Frequently Asked Questions
(FAQ), tricks, and tips
|2002/2003 Tri-Step. It looks similar to the previous freshman offering, but is significantly re-engineered. (Heel has logo lettering, which somehow was blocked by a reflection in the photograph.)|
What are the changes for the Tri-Step Binding, winter 2002/2003?
In October 2002 I received a 02/03 Tri-Step binding on a demo board, and subsequently received several other pairs of bindings for evaluation, mounted them on skis, and tested them for several months. I also receive dozens of emails about people's experiences with both the TLT and Tri-Step, and incorporate those emails into these FAQs. While I can't name all those individuals, I thank them.
Dynafit Tri-Step binding changes for winter 2002/2003
New model Tri-Step, front view. The yellow bar indicates full lock in touring mode, eliminating any doubt on the part of the user.
- Toepiece is redesigned, with metal piece to prevent unintended release in tour mode. This is the big one, as last winter's "fixes" from Life-Link and Dynafit were not the kind of engineering excellence we've come to expect from Dynafit.
- Locking to tour mode may be more positive.
- Heel adjustment screw changed to posi-drive and slot-head screw instead of allen head, allowing you to carry one less tool in your repair kit.
- Hidden metal plate in heelpiece that contacts ski top is now clearanced so it has less friction during for/aft adjustment.
- Plastic toe housing is beefed with internal structure. (This and new toe lever add .7 ounce to weight of binding.)
- Screw hole in toe lever is clearanced to make mounting easier.
- Binding now sold with or without brakes, if bought with brakes they are attached to binding (installing brakes at home is a moderate hassle).
- Overall weight increase of approximately 1 ounce per binding (Tri-Step is about 28% heavier than the TLT binding).
These changes solved most of the issues this binding had when first released. Ongoing issues are: ice formation within plastic housing, release of binding in touring mode when a foreign object such as an ice chunk catches between boot toe and binding lever, difficulty of pulling touring lock tab up to total lock position, continued problems with larger skiers inadvertently ejecting from the binding while in touring mode, and more.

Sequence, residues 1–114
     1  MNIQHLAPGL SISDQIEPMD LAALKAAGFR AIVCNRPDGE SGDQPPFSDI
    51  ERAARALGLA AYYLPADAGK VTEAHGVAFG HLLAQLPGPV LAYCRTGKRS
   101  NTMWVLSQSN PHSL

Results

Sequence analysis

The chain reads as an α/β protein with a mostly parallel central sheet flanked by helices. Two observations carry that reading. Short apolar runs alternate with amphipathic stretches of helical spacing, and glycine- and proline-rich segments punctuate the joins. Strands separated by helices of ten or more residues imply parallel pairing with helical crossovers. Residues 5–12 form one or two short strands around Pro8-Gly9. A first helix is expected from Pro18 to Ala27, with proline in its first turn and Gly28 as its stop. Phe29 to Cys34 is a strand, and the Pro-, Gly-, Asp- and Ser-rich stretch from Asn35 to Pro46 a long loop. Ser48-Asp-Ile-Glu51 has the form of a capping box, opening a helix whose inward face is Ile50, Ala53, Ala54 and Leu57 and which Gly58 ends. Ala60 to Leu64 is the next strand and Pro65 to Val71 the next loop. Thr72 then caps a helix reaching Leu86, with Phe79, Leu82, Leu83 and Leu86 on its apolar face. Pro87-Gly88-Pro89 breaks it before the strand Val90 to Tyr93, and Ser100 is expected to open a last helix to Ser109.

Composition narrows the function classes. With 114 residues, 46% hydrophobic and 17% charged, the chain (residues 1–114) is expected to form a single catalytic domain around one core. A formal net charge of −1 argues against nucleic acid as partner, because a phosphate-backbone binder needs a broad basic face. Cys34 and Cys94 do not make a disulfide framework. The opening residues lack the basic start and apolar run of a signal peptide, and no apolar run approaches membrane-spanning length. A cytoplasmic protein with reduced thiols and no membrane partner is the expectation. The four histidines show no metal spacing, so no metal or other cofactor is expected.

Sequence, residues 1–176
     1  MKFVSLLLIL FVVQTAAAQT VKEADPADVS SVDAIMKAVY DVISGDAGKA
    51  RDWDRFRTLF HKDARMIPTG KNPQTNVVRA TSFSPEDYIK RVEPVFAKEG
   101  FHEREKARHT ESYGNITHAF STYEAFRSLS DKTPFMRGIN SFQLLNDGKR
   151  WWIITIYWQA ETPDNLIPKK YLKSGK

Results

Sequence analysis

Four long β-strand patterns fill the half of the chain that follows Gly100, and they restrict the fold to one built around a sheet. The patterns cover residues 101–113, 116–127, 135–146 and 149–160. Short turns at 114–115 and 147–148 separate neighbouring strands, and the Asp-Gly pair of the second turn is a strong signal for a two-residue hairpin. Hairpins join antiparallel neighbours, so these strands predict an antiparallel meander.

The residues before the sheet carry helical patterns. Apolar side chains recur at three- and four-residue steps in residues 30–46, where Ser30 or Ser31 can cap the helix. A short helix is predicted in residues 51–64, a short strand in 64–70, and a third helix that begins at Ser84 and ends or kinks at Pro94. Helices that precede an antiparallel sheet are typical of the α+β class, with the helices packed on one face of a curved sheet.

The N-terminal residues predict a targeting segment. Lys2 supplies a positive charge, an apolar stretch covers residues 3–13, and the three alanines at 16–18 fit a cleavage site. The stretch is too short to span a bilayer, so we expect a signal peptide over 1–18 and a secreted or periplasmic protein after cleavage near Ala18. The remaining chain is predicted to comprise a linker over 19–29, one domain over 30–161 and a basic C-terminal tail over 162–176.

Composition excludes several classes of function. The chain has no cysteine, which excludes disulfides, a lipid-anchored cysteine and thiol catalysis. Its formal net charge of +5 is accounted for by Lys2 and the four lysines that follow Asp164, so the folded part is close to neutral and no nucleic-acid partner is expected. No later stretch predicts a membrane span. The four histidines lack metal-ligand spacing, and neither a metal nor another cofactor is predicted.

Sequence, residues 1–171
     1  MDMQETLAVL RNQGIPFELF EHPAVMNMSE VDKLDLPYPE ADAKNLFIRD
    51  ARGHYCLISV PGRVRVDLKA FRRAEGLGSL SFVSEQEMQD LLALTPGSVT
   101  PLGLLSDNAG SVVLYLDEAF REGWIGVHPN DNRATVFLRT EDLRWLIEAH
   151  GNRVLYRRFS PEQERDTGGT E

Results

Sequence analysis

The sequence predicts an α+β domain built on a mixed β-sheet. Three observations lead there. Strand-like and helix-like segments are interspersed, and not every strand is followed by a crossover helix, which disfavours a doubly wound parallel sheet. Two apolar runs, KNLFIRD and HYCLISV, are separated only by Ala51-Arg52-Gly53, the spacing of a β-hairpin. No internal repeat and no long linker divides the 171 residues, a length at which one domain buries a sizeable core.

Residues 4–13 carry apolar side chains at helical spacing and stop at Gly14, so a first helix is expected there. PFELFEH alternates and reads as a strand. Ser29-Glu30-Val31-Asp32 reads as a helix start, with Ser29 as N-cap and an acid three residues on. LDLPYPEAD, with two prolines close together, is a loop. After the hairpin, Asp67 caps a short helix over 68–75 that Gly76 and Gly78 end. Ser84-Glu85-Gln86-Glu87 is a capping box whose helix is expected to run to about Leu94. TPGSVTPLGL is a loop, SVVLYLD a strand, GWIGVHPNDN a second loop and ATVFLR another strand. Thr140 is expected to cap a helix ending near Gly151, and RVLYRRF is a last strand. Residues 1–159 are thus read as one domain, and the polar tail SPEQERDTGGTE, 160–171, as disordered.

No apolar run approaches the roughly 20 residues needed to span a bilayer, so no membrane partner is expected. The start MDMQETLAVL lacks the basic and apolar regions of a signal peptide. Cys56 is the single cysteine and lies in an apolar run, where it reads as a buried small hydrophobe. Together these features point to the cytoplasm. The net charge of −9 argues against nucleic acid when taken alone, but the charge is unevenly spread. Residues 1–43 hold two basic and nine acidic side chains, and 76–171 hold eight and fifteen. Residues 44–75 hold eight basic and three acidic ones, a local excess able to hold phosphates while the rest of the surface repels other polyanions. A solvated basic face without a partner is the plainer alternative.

|Overhead view of the last and best production Tri-Step toe. The curved metal lever is designed to eliminate the hazard of your boot bumping the binding and unlatching it from your boot.|
Lou, come clean,
do you recommend the Tri-Step or not?
Now that the Tri-Step is history and replaced by the "Comfort" binding, I do not recommend the Tri-Step. The Tri-Step binding appears to work for people who's skills and opinion I respect, while many others report problems with it. While I have used the Tri-Step so I could test it, I prefer all other models of Dynafit bindings. This FAQ is an attempt to clarify all issues with the Tri-Step binding, which should now be considered a novelty or collector's item, not a viable ski binding (though the heel unit is identical to that of early Comfort model bindings and can be used for spare parts or mixing/matching to create binding sets).
What's the main difference between the
Dynafit Tri-Step and earlier models?
In most way the the Tri-Step works the same way as any other Dynafit binding, and is nearly the same mechanically. Among other differences, it has a cowling over the toe for a more streamlined appearance, and has a wider range of adjustment for different boot sizes. The Tri-Step raises your boot higher off the ski than the TLT. Also, the pins on the Tri-Step that insert into your boot heel are longer than those of the TLT. This may result in better elasticity for less possibility of prerelease.
The Tri-Step is 28% heavier than the TLT and has a heel post that may be easier to rotate with your ski pole.
It's said that the Tri-Step has a configuration that makes it easier to snap your boot toe into the binding, but in my tests I have not found this to be so.
When in touring mode, I walk out of or pop out of the Tri-Step binding toe, what's the deal?
Toe Piece Directions
|To Lock -- Pull Toe Lever up until yellow "locked" stripe is fully showing. If you cannot pull the lever far enough up to see all of the yellow stripe, hook the shaft of your ski pole under the lever and pull up with both hands on ski pole.|